Salmon, notes David Montgomery, a professor of geomorphology at the University of Washington, are like a natural bank account. Generations of Native Americans and Scots lived off of the interest from their accounts, wrote Montgomery, in “King of Fish,” his popular history of 1,000 years of salmon on Earth. “Keeping our salmon account solvent over the long run,” wrote Montgomery, “will require returning to the proven practice of only withdrawing the interest.”
Montgomery is on the agenda on the evening of Dec. 3 to address participants at the start of the three-day Southwest Alaska Salmon Science Workshop, at the University of Alaska Anchorage recital hall in Anchorage.
Montgomery will also participate in a panel discussion at the workshop at the Anchorage Hilton on Dec. 4, on whether state and federal water quality standards sufficiently protect Bristol Bay salmon. The discussion will be preceded by the presentation of papers about whether current water quality standards for copper and other metals are likely to be protective of salmon, and if not, how best to determine an appropriate standard that will protect salmon.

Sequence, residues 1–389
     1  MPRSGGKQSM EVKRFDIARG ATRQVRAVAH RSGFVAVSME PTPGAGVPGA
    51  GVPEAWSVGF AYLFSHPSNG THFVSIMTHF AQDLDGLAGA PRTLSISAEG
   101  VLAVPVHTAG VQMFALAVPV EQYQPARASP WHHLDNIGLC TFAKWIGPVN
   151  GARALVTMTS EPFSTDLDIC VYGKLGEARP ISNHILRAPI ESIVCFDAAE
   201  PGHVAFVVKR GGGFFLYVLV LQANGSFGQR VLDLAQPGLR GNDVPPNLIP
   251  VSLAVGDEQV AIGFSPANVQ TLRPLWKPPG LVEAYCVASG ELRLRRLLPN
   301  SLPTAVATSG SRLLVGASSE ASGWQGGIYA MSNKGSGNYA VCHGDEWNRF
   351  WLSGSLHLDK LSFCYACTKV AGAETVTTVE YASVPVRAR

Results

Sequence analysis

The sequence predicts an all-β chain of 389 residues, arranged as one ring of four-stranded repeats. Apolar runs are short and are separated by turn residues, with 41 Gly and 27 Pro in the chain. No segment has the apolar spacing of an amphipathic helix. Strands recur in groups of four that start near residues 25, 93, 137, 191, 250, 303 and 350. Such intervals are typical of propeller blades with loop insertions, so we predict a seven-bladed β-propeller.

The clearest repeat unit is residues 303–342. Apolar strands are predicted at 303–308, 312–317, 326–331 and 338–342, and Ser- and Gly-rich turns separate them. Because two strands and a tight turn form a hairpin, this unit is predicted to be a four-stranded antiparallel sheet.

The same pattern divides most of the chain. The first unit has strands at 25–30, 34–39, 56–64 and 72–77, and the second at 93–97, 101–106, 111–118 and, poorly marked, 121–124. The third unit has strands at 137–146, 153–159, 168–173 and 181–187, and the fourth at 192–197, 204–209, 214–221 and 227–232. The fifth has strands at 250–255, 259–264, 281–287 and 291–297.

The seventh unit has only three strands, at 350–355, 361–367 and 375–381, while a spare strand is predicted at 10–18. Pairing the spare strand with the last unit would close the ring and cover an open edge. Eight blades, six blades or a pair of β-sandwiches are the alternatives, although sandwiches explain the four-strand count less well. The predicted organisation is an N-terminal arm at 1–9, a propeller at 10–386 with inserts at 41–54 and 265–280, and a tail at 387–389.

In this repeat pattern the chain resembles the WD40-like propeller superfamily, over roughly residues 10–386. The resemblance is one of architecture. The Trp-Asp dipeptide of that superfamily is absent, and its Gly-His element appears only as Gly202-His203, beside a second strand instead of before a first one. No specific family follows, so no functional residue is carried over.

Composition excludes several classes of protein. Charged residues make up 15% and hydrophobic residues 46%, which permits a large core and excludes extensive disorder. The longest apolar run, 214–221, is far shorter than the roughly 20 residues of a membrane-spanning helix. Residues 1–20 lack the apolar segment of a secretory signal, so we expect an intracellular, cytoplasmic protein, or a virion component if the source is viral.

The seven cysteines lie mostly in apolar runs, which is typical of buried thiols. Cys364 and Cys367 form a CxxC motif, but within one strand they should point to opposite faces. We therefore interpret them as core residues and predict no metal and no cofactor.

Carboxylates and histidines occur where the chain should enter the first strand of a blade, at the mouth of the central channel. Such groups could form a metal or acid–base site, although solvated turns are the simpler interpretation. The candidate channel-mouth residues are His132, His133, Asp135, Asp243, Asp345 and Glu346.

Anthropologist Alan Borass, a professor of anthropology at Kenai Peninsula College, will address the workshop Dec. 5, also at the Anchorage Hilton, on gathering and using traditional ecological knowledge to inform the Environmental Protection Agency’s Bristol Bay watershed assessment.
More information about the workshop and how to register to attend can be found at www.southwestsalmon.org/symposium